Morning came softly, and it was just the beginning of day two, yet we already had developed a habit of taking our coffees outside at sunrise and watching the mist burn off over the unsettled stretches of mountains and jungle, deeply veined rivers and wildlife that laid before us.

Every day was filled with a wide array of stops and a mixture of regional experiences, but to write about them, all would make this article a book. Besides, I know you’ll want to book this trip and see everything for yourself after reading this story! I would be lying if I didn’t include the Long Neck Village as one of the highlights of the tour. Another boat ride to a remote island near the Burmese border, we entered a place that I swear should make the cover of a National Geographic magazine. The tradition started many years ago as protection from tigers. The girls start wearing five neck rings when they are six, adding two extra rings every year. There is no limit to how many rings a woman can have, but some have worked their way up to 25 rings and are regarded as the most beautiful women in the village. The craziest part is that they only take off the rings for a couple of hours once a year. For this short window of time, these women are extremely careful as they risk breaking their fragile necks from the slightest strain.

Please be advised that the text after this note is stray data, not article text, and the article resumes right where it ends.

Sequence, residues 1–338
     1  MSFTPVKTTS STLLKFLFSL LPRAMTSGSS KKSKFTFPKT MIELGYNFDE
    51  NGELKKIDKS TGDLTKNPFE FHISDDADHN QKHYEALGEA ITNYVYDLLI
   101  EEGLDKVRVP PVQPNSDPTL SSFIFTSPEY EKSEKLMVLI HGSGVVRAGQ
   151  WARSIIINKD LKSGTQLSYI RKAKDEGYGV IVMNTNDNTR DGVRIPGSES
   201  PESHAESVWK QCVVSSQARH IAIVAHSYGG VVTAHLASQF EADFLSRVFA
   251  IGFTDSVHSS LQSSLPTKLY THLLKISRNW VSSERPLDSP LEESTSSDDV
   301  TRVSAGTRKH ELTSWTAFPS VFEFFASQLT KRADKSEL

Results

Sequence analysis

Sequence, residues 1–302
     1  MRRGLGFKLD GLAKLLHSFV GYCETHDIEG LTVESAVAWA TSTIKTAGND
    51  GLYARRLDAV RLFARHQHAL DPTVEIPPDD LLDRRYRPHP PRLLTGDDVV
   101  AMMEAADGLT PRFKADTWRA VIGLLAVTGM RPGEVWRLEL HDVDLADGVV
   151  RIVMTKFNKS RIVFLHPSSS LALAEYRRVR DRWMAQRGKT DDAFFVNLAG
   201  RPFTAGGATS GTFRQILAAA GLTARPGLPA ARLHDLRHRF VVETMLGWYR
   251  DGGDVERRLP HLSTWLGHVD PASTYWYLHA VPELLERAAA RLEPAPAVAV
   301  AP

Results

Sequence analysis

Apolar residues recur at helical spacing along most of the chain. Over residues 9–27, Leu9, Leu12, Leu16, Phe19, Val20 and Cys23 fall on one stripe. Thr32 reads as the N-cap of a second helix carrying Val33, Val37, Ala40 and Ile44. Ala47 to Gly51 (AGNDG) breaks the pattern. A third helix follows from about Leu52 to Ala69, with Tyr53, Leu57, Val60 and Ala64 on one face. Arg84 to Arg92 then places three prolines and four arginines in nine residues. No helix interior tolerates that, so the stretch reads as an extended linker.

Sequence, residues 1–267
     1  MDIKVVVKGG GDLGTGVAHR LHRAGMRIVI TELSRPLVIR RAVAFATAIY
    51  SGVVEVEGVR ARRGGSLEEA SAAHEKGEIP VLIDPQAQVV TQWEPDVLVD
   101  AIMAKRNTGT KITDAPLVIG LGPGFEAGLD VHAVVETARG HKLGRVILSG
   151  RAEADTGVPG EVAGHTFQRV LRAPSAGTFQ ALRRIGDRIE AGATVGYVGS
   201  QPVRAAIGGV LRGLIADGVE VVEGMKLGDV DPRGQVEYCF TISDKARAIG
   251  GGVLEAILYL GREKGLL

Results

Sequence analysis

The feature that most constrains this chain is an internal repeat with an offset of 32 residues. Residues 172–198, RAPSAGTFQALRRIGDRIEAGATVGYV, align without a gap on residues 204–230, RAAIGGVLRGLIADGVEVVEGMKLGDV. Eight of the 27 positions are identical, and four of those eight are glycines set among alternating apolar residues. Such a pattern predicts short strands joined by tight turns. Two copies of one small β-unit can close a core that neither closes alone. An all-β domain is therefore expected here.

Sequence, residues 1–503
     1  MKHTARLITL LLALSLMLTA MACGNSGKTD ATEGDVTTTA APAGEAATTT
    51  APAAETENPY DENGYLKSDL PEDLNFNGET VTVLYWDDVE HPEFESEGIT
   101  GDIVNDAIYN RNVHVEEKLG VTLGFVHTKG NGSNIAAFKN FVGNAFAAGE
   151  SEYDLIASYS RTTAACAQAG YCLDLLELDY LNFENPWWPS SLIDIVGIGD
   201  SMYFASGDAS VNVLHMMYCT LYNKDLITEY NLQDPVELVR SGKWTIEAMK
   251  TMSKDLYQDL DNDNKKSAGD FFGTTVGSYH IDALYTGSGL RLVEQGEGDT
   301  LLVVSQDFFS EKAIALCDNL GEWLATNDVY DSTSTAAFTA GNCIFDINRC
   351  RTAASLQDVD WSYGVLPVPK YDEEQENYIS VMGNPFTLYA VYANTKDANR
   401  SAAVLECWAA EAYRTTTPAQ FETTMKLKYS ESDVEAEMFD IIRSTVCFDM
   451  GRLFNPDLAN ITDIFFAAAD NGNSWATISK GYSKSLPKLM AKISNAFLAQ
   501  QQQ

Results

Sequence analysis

Obviously, the roads will always be a favorite. Aside from the track-styled road racing, we also ventured into more remote places via dirt and rocky paths, dodging the occasional meandering cows, wild dog or free-range chicken. At first, I wasn’t sure about the choice of bike but, after a few miles, I wouldn’t want to ride Thailand with another bike. They were perfect and suitable for every level of rider. In fact, even though the curves or off-road may seem intimidating to some of you, I assure you that you can handle a tour like this. Brian and Brandon are very accommodating in regard to allowing everyone to ride at their own pace and leaving no one behind. The amount of stops were timed perfectly, and even though these were some of the most mentally challenging and visually stimulating roads, I never felt too exhausted because of the planning that went into the tour.